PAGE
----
This according to “The smell of jazz: Crossmodal correspondences between music, odor, and emotion” by Carmel A. Levitan, Sara A. Charney, Karen B. Schloss, and Stephen E. Palmer, a paper included in Proceedings of the 37th annual meeting of the Cognitive Science Society (Austin: The Cognitive Science Society, 2015, pp. 1326–1331).
Many thanks to Improbable Research for bringing this to our attention, and for noting that “fishy was comprehensively unpopular, except with the category heavy metal, where it was first on the list.”
In an experiment, 250 adults were offered a glass of wine in return for answering a few questions about its taste. After clearing their palates, each received a glass of either cabernet sauvignon or chardonnay and was taken to one of five rooms: four that each featured a different type of music playing in a continuous loop, and a silent one serving as a control. Participants were asked to spend about five minutes sipping the wine, and were told not to converse.
A smaller pilot study had determined the four types of music:
- “powerful and heavy” (“O Fortuna” from Orff’s Carmina burana)
- “subtle and refined” (“Вальс цветов” [Val’s cvetov/Waltz of the flowers] from Cajkovskij’s Щелкунчик [Ŝelkunčik/Nutcracker])
After drinking the wine and listening to the music, participants were asked to rate the wine’s taste on a scale from zero to ten in the categories represented by the music types. In each case, participants perceived the wine in a manner consistent with the music they had listened to while drinking it.
This according to “Wine & song: The effect of background music on the taste of wine” by Adrian C. North (Wineanorak, 2008). In an earlier experiment, documented in “The influence of in-store music on wine selections” (Journal of applied psychology LXXXIV/2 [April 1999] pp. 271–276), North and two colleagues demonstrated that playing music identified with a particular country in a wine shop had a positive influence on sales of wine from that country.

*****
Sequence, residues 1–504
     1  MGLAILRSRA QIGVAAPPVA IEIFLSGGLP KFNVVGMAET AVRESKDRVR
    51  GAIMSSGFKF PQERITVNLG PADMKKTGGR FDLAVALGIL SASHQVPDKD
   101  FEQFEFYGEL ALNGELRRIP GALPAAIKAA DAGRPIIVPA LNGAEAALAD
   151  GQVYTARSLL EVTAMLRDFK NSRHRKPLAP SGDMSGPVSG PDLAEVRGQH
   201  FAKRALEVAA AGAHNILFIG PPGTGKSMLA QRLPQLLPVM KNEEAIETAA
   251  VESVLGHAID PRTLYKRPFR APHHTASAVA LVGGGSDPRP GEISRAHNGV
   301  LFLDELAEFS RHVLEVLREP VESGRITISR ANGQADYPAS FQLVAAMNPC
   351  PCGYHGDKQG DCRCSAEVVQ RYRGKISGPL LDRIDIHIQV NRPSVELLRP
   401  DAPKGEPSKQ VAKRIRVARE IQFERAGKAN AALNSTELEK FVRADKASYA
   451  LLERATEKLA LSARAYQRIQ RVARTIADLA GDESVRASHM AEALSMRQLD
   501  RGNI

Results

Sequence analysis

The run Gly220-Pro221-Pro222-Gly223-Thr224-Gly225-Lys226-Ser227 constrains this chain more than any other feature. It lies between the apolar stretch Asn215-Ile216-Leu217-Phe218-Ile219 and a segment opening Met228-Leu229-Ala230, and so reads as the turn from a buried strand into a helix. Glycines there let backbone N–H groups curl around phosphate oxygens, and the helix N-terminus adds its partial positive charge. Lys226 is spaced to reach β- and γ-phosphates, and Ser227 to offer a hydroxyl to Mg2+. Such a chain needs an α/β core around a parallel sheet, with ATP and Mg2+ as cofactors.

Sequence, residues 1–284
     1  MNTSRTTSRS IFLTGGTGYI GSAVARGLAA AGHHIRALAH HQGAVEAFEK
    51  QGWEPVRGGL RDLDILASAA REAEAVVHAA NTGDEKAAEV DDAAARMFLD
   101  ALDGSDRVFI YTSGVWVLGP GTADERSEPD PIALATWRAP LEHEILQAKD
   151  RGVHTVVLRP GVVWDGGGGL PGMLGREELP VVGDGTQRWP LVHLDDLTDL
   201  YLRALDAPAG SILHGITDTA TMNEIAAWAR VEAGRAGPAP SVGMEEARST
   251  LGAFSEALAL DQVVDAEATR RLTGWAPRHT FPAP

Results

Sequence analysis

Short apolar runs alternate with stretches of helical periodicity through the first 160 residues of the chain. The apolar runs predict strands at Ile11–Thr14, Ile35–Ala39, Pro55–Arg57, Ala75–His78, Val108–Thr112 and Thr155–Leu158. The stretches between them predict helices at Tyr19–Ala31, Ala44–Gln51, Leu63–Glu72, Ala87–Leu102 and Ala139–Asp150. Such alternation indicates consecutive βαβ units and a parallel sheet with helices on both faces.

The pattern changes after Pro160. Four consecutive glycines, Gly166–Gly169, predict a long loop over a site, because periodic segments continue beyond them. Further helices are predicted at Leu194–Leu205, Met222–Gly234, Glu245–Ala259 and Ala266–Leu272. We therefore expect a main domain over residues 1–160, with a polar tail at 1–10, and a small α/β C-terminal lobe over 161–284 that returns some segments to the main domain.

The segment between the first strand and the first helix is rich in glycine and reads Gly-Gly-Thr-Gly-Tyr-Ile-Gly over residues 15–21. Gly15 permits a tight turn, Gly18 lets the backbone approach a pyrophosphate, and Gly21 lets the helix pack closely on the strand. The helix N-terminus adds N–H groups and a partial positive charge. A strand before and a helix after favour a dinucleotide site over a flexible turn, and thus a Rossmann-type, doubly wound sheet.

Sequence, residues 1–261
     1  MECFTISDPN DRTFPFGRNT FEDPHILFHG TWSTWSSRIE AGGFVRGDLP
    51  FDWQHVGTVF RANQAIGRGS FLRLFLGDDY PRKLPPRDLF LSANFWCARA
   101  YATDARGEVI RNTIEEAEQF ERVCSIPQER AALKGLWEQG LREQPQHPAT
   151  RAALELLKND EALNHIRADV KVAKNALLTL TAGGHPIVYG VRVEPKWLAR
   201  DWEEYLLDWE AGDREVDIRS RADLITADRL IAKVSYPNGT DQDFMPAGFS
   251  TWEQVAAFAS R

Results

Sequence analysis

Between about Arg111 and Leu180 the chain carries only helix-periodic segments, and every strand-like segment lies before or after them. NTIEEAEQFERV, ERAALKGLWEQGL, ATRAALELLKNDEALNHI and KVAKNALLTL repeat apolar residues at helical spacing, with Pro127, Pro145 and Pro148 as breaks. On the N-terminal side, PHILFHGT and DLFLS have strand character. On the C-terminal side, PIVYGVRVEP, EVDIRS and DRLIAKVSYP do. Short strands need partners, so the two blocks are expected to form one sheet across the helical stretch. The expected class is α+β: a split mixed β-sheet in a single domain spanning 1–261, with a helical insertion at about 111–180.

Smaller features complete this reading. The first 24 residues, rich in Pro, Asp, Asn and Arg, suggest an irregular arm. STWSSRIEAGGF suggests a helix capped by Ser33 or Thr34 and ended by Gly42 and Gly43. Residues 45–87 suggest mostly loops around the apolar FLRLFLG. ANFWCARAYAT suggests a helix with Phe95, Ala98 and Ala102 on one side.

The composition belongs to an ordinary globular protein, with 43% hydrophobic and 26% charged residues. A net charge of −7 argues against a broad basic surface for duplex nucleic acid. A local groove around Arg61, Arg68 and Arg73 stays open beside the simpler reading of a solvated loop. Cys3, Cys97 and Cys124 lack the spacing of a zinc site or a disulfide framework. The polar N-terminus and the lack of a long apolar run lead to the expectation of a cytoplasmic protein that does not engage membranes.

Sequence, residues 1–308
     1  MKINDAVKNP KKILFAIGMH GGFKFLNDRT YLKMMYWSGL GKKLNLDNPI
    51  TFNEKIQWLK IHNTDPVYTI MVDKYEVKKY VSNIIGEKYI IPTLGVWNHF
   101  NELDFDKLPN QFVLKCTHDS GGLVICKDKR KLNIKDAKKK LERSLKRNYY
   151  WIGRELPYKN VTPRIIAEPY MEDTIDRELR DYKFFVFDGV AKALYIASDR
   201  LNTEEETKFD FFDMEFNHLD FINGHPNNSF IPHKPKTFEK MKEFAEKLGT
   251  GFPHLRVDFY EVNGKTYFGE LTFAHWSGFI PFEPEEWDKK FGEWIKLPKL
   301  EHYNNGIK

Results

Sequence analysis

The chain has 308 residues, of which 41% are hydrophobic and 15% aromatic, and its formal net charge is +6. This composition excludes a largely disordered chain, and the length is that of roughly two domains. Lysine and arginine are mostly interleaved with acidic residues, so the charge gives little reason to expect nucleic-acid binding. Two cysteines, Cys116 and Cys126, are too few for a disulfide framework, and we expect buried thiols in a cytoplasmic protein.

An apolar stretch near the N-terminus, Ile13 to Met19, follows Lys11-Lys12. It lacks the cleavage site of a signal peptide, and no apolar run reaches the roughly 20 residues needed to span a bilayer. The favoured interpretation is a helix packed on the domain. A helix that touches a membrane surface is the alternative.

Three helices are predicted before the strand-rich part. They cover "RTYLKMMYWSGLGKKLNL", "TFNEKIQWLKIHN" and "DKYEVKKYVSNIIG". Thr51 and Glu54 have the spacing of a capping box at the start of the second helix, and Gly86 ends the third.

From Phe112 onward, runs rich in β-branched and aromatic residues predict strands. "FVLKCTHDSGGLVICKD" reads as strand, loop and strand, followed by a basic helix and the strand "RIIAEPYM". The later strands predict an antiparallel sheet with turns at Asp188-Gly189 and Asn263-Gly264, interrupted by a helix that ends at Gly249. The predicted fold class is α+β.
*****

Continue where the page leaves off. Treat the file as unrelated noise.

For a related post, see As bitter as a trombone. Below, Mario del Monaco shares observations on wine and synesthesia from Mascagni’s Cavalleria rusticana.
Filed under Food, Science
Data from an experiment in which subjects listened to a series of pitches played on various instruments while tasting flavors such as lemon, peppermint, and salt showed significant connections between the sounds of the instruments and flavor perceptions.
For example, the taste of sugar was considered inappropriate for brass instruments, while it matched well with the piano. Orange-flower went with brass but not with strings, while coffee failed to correspond with brass but suited woodwinds nicely. “Our results”, the researchers noted with commendable practicality, “raise important questions about our representation of tastes and flavors and could also lead to applications in the marketing of food products.”
This according to “As bitter as a trombone: Synesthetic correspondences in nonsynesthetes between tastes/flavors and musical notes” by Anne-Sylvie Crisinel and Charles Spence (Attention, perception, and psychophysics LXXII/7 [October 2010], pp. 1994-2002). Thanks to the Improbable research blog for bringing this to our attention!
Below, the picante trombones of Willie Colón’s band, ca. 1967.